In exchange for amnesty, a military commander in Colombia confesses to covering up the killing of civilians and asks their families for forgiveness.
Alexander Castro’s fight for justice began in 2006, when Colombian soldiers executed his uncle and younger brother. The soldiers claimed they’d killed two guerilla fighters, but it took Alexander more than a decade to prove what he suspected from the beginning: his relatives were framed as armed fighters, a widespread practice among Colombian soldiers that is only now coming to light.
In the mid-2000’s, Colombia sought to prove it was finally winning its long-running war against the country’s guerilla insurgency.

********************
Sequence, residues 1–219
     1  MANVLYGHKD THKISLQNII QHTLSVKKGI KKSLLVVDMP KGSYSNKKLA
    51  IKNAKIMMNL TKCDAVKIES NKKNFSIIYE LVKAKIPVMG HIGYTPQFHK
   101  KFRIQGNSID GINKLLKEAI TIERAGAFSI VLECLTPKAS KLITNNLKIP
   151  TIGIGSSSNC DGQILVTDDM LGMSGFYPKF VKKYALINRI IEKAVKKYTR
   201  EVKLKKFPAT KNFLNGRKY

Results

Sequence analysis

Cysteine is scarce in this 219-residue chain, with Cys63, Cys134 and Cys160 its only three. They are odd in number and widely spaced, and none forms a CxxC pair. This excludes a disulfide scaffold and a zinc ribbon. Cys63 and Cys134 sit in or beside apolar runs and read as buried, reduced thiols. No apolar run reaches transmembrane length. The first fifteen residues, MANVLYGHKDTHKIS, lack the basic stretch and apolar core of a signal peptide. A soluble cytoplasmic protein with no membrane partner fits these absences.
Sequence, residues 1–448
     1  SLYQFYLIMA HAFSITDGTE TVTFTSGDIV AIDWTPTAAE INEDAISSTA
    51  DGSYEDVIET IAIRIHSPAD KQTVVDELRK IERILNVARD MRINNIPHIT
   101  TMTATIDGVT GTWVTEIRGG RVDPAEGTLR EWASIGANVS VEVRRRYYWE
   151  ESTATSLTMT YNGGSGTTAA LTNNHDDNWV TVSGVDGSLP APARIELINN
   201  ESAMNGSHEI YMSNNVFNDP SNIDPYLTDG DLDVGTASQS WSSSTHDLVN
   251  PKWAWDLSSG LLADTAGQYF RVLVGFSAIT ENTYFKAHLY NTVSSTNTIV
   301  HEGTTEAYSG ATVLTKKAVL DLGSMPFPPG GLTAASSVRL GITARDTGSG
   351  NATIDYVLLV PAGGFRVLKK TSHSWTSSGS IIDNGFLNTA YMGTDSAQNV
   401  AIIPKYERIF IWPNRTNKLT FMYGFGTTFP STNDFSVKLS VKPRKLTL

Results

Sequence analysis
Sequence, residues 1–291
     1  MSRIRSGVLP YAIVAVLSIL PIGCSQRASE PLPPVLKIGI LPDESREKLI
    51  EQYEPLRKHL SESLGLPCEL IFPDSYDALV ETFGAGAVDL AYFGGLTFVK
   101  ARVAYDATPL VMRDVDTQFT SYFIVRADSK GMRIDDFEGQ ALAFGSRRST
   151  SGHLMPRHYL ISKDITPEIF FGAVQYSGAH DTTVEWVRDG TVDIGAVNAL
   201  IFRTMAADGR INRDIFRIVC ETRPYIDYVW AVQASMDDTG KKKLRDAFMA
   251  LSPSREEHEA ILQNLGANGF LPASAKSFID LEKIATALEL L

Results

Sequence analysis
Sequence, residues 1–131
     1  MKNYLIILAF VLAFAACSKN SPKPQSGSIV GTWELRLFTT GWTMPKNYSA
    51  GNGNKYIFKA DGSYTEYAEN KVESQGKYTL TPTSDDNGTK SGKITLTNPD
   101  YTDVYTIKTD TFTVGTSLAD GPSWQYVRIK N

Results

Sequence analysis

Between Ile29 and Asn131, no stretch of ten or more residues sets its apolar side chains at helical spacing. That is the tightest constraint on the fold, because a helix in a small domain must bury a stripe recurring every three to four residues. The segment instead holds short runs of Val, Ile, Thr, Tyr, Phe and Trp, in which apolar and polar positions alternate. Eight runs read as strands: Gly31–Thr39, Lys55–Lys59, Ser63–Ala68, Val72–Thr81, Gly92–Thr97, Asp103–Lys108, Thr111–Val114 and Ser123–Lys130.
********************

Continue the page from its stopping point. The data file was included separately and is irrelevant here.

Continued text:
Top brass pressured ground troops to increase the number of guerilla fighters killed in action -- at all costs. Soldiers who delivered the highest body counts were rewarded with bonuses, promotions, free vacations, and other perks. In 2022, Colombia’s truth commission revealed the full toll of the killings: soldiers executed at least 6,402 civilians between 2002 and 2008. Now, as a result of Colombia’s historic 2016 peace deal, military officials responsible for these atrocities can qualify for amnesty in exchange for truthful testimony about their war crimes.
Fault Lines captures a meeting between Alexander Castro and the colonel responsible for the deaths of 53 civilians, including his uncle and brother.